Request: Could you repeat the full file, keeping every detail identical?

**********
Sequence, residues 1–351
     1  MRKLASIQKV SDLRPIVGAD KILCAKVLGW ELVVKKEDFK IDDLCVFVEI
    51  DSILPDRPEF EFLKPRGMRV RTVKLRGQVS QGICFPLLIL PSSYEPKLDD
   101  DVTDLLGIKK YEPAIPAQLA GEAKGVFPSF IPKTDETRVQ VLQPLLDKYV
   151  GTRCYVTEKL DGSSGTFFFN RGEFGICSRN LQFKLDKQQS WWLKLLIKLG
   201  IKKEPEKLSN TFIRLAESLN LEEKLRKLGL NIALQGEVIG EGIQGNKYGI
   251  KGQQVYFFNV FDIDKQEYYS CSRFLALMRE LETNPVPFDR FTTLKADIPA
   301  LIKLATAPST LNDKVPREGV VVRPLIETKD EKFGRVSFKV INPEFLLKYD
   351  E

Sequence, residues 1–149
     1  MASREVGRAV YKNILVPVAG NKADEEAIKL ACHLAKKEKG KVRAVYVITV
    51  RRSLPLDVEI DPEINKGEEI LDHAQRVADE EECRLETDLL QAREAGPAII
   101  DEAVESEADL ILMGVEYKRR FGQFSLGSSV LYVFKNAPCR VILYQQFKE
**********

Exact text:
Sequence, residues 1–351
     1  MRKLASIQKV SDLRPIVGAD KILCAKVLGW ELVVKKEDFK IDDLCVFVEI
    51  DSILPDRPEF EFLKPRGMRV RTVKLRGQVS QGICFPLLIL PSSYEPKLDD
   101  DVTDLLGIKK YEPAIPAQLA GEAKGVFPSF IPKTDETRVQ VLQPLLDKYV
   151  GTRCYVTEKL DGSSGTFFFN RGEFGICSRN LQFKLDKQQS WWLKLLIKLG
   201  IKKEPEKLSN TFIRLAESLN LEEKLRKLGL NIALQGEVIG EGIQGNKYGI
   251  KGQQVYFFNV FDIDKQEYYS CSRFLALMRE LETNPVPFDR FTTLKADIPA
   301  LIKLATAPST LNDKVPREGV VVRPLIETKD EKFGRVSFKV INPEFLLKYD
   351  E

Sequence, residues 1–149
     1  MASREVGRAV YKNILVPVAG NKADEEAIKL ACHLAKKEKG KVRAVYVITV
    51  RRSLPLDVEI DPEINKGEEI LDHAQRVADE EECRLETDLL QAREAGPAII
   101  DEAVESEADL ILMGVEYKRR FGQFSLGSSV LYVFKNAPCR VILYQQFKE